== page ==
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Pakistan Test players support use of Kookaburra cricket balls in domestic season 2019-20

Sarfaraz Ahmed
Sarfaraz Ahmed
©Reuters
 

In a bid to bridge the gap between domestic and international cricket, the Pakistan Cricket Board (PCB) will be implementing Kookaburra balls in the upcoming domestic cricket season, which begins on 14 September.

  • Initiative in line with the PCB’s efforts to narrow the gap between domestic and international cricket
  • “Our bowlers, both in Test and first-class, will get a fair idea of how the Kookaburra behaves at different stages of an innings,” says Sarfaraz Ahmed 
  • “This will benefit our up-and-coming fast bowlers as we play our international cricket with Kookaburra balls,” says Wahab Riaz
  • “There was a lot of discussion over this for quite some time and the decision to use Kookaburra brand in domestic cricket is a positive step,” says Azhar Ali
  • Pakistan players reflect on the decision to use Kookaburra balls, video here

 

Despite Pakistan’s men’s team playing its home Tests with the Kookaburra brand, the country’s first-class cricket was being played with the Dukes balls for the last two seasons.

Because of its hard leather and pronounced seam, Dukes had tilted the balance between the bat and the ball in the favour of the latter because of the prodigious seam and swing it provides to the fast-bowlers, especially earlier in the innings.

The Kookaburra ball is expected to help the cricketers in developing profound techniques as its condition changes over the course of an innings.

The Kookaburras gets softer as the day progresses, bringing in the spinners in the play in the latter sessions. Though, the batsmen score runs more freely with the ball getting worn out, the Kookaburra ensures the right equilibrium throughout the day.

The PCB expects investment on the Kookaburras will develop cricketers who are ready to take up the challenges of international cricket by learning how to operate at different stages of an innings.

 

Azhar Ali: “The conditions in domestic cricket were becoming bowling friendly, with the application of the Dukes on grassy surfaces. Batting sides were losing a lot of wickets in the first 25 over as the bowlers did not have to work hard enough in such conditions. This was keeping them from developing the habit of scoring runs.

“The bowlers will now have to work hard, which will also increase the bowling speeds of our pacers because the Kookaburra demands from the bowlers to put in efforts unlike the Dukes, which can just be floated in the air.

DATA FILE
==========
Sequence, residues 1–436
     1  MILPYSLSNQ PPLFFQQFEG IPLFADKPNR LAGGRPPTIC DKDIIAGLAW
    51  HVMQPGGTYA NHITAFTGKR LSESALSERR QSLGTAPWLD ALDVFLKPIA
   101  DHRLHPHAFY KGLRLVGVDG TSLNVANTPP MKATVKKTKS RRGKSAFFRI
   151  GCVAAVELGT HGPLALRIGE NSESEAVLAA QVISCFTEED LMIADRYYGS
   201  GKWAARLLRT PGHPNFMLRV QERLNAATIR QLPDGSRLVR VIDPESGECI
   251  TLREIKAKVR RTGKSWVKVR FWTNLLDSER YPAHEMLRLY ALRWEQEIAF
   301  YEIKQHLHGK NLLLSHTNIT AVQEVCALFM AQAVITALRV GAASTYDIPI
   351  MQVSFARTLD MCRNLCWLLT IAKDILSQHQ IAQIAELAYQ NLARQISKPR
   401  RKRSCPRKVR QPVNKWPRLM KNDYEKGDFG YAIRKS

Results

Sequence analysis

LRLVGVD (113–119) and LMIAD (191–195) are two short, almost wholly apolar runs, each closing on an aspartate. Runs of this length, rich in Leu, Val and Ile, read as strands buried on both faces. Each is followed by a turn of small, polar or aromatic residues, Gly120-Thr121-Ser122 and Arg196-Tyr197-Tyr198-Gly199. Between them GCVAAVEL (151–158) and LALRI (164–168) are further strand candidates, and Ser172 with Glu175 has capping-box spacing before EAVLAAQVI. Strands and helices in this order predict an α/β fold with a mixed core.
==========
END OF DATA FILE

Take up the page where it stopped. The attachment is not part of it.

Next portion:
“There was a lot of discussion over this for quite some time and the decision to use Kookaburra brand from domestic cricket is a positive step because we play most our international cricket with Kookaburra. This will accustom the players with the brand.”

 Sarfaraz Ahmed: “It is very important for a player to play the domestic cricket with the same ball that he will be playing with in international cricket. This will give our bowlers, both Test and first-class, a fair idea of how the Kookaburra behaves at different stages of an innings.

 “The more we play with the Kookaburra ball, the better it is for us. We have to play our international cricket with this brand.”

Senior pacers Wahab Riaz and Mohammad Amir backed the PCB’s initiative, saying this will help the up-and-coming pacers in preparing for the challenges at international level.

 Wahab Riaz said: “This is going to benefit our up-and-coming fast-bowlers as we are playing our international cricket with the Kookaburra ball, except for when we play in England. They, at the moment, are not quick but seam bowlers.

 “Even bowler is not aware in which direction a Dukes ball is going to swing. So, it is even more difficult for a batsman to deal with.”

 Mohammad Amir said: “All international cricket is being played with the Kookaburra ball, save England and West Indies, and all of our upcoming international series are also going to be played with it.

 “It is necessary for us to play with this ball because it helps our bowlers in getting accustomed to its swing and seam. The Dukes and Grays balls swing and seam more, which doesn’t give the right idea to our bowlers about how they have to go about their business after they break at the international level.”